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  • Writer's pictureMelody B. Hernandez

Cultivation - It's the only way to make a relationship grow

My very first time calling a potential funder was a disaster.

Cultivate your relationships with funders to help them grow

I was working as a subcontractor, mainly grant writing, and the woman I was subcontracting under asked if I wouldn't mind calling over to a foundation.

"Sure!" I said, while my heart dropped and my knees shook. You see, I absolutely hate talking on the phone, and specifically talking on the phone to strangers. I would much rather call, email, or meet in person. "What should I say?"

"Just ask them if you could tell them a little about our client and whether or not it would be . good fit," she responded.

Ok, sounds easy enough. I thought to myself. So I made the call.

"Hi! My name is Melody Hernandez and I'm calling on behalf of {CLIENT NAME} in New York. I'm wondering if . . ."

"How did you get this number?" she interrupted, in a rather abrasive tone.

"Uh, it was listed on the 990 for {FOUNDATION NAME}. Do I have the wrong number?" I stuttered.

"If you are calling from New York, why do you have a Minnesota number?" she demanded.

"Uh, well, it's my cell phone. I'm, uh, working from home today."

"So you live in New York?" she continued.

"Actually, I live in San Francisco. I'm helping out {CLIENT NAME} with some of their fundraising." I started to recover my composure.

"Don't call this number again," she said and slammed the phone down.

I stood there staring at my phone thinking, What the heck just happened?

Then I called my client, almost in tears, to explain what had transpired. She was great and talked me down from the ledge saying, "Hey, they listed that number on their 990 so we had every right to call. She was probably the daughter of the foundation's founder and doesn't like to have to deal with any of it."

We ultimately decided to submit a proposal letter, per the 990 guidelines.

And we got the grant

This was by far the most harrowing experience I have ever had when it comes to cultivating a relationship with a potential funder. In hindsight, it helped me get over my fear of picking up the phone and calling: the worst had already happened - and it had ended in success!

Most funders are happy to field calls. They would rather take a 5 or 15 minute call than have to read and evaluate a proposal several pages long that clearly does not align with their funding priorities.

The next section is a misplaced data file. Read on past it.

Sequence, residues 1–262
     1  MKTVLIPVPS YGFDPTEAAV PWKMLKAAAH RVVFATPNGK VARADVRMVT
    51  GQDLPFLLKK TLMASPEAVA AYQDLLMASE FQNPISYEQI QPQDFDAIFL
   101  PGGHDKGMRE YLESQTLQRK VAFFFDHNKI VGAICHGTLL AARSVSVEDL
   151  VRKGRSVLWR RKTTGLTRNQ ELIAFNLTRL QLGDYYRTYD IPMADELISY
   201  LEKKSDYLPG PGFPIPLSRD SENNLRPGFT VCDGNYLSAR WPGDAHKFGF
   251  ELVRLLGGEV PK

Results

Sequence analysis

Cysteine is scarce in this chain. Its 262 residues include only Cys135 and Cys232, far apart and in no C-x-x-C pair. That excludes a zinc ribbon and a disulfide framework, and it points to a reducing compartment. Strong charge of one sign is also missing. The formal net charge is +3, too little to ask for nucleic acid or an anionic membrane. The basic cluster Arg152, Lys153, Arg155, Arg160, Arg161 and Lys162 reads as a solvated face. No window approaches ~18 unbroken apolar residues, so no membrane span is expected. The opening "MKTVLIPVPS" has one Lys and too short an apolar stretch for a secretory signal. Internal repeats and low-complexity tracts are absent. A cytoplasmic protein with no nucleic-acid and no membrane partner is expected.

Even more than fielding questions about the application process, most funders are genuinely interested in your organization and your work. They got into this field for a reason and usually that reason is that they want to make the same positive change in the world as you.

When you reach out to a foundation -- even if you are simply asking a quick question -- you will want to have the mindset that you are building a relationship.

Like most relationships, listening is key to a solid foundation. Ask questions, listen carefully to the response, and ask more questions.

In doing so you will most likely be asked questions as well and it is helpful to be prepared with you main points or 'elevator pitch'. Try to keep it brief and after a short description of your organization or program ask, "Is this something you are interested in hearing more about?"

Hopefully the answer is yes and then you can ask how they would like you to proceed: a more in-depth phone call, a short email descriptions, or a Letter of Intent (LOI) are the most common responses from foundations that do not accept unsolicited proposals.

For those that do accept proposals, they may ask that you follow their procedures. However, that brief phone call could make all the difference.

One of my favorite experiences with cultivation was when I called a funder on behalf of a client that offers mental health services. The funder had only ever given to one mental health program before and I wanted to verify that they were interested in receiving a proposal.

I called and said, "Hi! My name is Melody Hernandez and I'm calling on behalf of {CLIENT NAME} and I'm curious if you are interested in hearing about some of our programs to see if they fit your current funding priorities."

The woman responded with, "Yeah, go ahead."

I proceeded to give her a three sentence description of the program and she interrupted excitedly to talk about how the Board had recently decided to increase funding for mental health in light of a few high profile suicides earlier that month. We chatted for about 15 minutes about the state of mental health in this country and I listened to her explain the Board's current focus.

"Can you send me a proposal by next Friday? The Board is meeting in two weeks and hardcopy proposals are supposed to be mailed in by then, but I'll let you email it to me and print them out myself!" she sounded so excited.

Of course I agreed, then let the client know we would need to quickly submit a proposal and include information about the aspects of their program that aligned with the insider info I had just obtained.

The client got that grant as well.

Also like most relationships, honesty is key.

If they ask you a question and you don't know the answer, be honest. Let them know you will find out the answer and get back to them.

If your organization or program is experiencing some struggles, be honest about those as well. Be sure to include the plan for how to address the problem as well as how to ensure the problem will not happen again.

Finally, building a relationship takes time. Be prepared to receive a rejection letter even if it seems like the funder is interested in your work.

My next post will delve into how to interpret rejection letters and whether or not you should try again.

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